Back in June the Scottish Parliament’s Gaelic development officers, Mark and Alasdair, came on a two day visit to learn about the National Assembly for Wales in Cardiff.
By Alasdair MacCaluim
During our visit we wanted to find out about education, social media, community outreach, translation and the place of the Welsh language at the Assembly.
Our visit started in Tŷ Hywel with Mari Wyn Gooberman, Head of Education. There is a very special room in this building called Siambr Hywel. This was the Assembly’s main debating chamber from 1999 until 2006 when Plenary meetings and committees of the Assembly moved to their new home in the Senedd building next door.
When the Assembly Members (AMs) moved out of Siambr Hywel, the youth of Wales moved in. It is now the base for educational visits, giving young people the opportunity to sit in a real debating chamber in a real legislature where they can use voting buttons and microphones just like the AMs themselves.
The team work in both languages, delivering sessions both to Welsh and English schools. Like the Scottish Parliament, education sessions are offered in schools throughout Wales as well as at the Assembly.
Languages and Powers
As part of our trip, we met with many people connected with promoting the Welsh language at the Assembly. We had a meeting with Mair Parry Jones, Head of Translation and Interpretation and Sarah Dafydd, Official Languages Scheme Manager.
We learnt that the National Assembly has been very much involved in developing machine translation for Welsh. With this, basic translation is done by computer. The Assembly’s translation team then proofs and corrects the draft to create a finished document. This is a very large, important and innovative project.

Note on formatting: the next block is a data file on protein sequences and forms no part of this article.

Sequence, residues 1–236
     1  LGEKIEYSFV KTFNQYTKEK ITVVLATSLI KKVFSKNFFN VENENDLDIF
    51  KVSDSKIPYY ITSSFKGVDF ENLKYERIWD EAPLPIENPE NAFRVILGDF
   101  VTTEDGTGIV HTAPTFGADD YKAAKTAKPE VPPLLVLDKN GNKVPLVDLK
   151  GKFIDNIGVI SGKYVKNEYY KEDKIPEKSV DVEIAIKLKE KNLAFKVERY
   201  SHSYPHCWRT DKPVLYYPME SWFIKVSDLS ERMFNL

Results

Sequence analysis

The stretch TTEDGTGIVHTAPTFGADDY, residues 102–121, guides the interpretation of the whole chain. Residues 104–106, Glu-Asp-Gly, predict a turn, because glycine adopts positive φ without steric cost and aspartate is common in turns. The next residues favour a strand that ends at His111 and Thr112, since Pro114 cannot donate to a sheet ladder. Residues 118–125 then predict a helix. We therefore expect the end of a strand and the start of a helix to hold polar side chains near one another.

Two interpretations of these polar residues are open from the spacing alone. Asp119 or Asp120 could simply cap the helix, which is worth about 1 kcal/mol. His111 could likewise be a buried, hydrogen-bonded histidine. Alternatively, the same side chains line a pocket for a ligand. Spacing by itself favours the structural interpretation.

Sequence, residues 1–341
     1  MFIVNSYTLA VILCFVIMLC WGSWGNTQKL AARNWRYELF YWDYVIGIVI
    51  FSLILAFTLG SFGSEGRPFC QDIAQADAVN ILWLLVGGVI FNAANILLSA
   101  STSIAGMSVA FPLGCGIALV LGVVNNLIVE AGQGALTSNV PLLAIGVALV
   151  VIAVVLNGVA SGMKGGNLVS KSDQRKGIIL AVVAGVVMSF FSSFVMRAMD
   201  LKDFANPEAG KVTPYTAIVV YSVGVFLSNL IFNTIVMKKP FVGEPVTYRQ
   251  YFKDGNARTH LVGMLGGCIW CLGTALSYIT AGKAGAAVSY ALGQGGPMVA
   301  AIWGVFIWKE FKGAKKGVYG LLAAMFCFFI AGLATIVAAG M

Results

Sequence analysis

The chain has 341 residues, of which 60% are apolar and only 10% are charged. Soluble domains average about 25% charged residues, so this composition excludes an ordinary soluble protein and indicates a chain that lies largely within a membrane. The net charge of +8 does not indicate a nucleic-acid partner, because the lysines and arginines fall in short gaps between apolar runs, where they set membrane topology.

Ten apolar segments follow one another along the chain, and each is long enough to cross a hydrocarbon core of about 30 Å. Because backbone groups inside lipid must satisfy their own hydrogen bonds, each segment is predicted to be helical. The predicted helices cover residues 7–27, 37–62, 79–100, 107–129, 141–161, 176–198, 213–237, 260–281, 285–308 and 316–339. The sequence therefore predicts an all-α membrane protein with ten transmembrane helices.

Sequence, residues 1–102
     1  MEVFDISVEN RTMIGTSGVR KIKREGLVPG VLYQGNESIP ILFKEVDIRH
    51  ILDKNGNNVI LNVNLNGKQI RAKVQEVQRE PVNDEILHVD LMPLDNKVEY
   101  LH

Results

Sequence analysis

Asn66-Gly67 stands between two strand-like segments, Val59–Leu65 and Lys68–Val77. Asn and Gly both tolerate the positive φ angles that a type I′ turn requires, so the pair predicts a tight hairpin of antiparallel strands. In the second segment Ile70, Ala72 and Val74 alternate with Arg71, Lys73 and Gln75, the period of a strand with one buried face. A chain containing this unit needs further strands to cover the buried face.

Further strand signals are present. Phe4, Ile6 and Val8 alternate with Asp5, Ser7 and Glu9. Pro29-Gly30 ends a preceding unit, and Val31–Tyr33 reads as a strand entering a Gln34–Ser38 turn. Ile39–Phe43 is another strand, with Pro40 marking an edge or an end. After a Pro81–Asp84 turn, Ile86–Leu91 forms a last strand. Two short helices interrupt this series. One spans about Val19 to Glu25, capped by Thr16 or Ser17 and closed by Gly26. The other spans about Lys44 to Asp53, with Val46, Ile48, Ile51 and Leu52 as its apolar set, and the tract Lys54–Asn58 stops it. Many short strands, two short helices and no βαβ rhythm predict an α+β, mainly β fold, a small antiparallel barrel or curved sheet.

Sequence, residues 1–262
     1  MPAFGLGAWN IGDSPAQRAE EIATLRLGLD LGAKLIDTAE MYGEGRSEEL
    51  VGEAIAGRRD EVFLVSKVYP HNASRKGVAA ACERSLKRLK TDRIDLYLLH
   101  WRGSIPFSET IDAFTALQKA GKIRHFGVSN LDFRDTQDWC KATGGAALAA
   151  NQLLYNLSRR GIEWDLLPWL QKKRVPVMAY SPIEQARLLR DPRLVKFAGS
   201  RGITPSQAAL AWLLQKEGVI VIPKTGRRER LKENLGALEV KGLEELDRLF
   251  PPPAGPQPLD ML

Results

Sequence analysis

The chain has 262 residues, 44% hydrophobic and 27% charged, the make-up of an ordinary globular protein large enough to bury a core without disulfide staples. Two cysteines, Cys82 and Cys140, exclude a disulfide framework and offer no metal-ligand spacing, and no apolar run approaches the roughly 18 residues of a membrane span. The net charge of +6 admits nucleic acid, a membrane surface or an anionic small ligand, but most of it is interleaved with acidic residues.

The Languages Scheme is underpinned by a philosophy that each member of staff has a part to play in the development of Welsh – even if they don’t speak any – or much – of the language.
Here is a short extract from the scheme’s statement of ambition:
“Everyone has a right to interact with the Assembly in the official language of their choice. Where there are barriers to this, we will work to remove them so that the Assembly demonstrates a continuous drive towards becoming a truly bilingual institution where Welsh his used and heard”.
As part of the scheme, all staff have been undertaking Welsh language awareness training.
The whole scheme can be read here.
At the end of our first day, we had the opportunity to attend a team meeting of the Assembly’s Communications Team. This was very interesting as we learnt about the new taxation powers which the National Assembly is to receive through the Wales Bill 2014.
Building, Plenary and Committees
On the last day of our visit we were given a tour of the Senedd building by Richard from the Front of House Team, and were given the opportunity to enter the Chamber itself and visit the translation booth. We also saw the committee rooms and the public café and learned that some scenes from Dr Who and Sherlock had been filmed in the Senedd!
Later we were able to see the Chamber in action during First Minister’s Questions when we saw the First Minister of Wales, Carwyn Jones AM (Labour) answer questions from the opposition parties. Some questions were in English and others in Welsh.
As with the Scottish Parliament, committees play a key role in Assembly business, working closely with the Education and Outreach teams to consult with the public on enquires, including collecting the views of children and young people.
We saw some of the videos that the outreach team had made for committee enquiries and we then visited the web and social media team for more information about the National Assembly’s online presence.
The Assembly, like the Scottish Parliament, has a YouTube channel with many videos, not only about Assembly business but also to promote engagement. It also has a strong presence on Twitter, Facebook and all posts are bilingual.
The Welsh Assembly – like the Scottish Parliament – celebrates its 15th birthday this year and a series of videos have been made called 15 years in 15 seconds!
Even though we only had two days to learn about 15 years of devolution in Wales, we amassed a great deal of information and a great number of ideas which should be useful to our work in Scotland.
All photos by Mark and Alasdair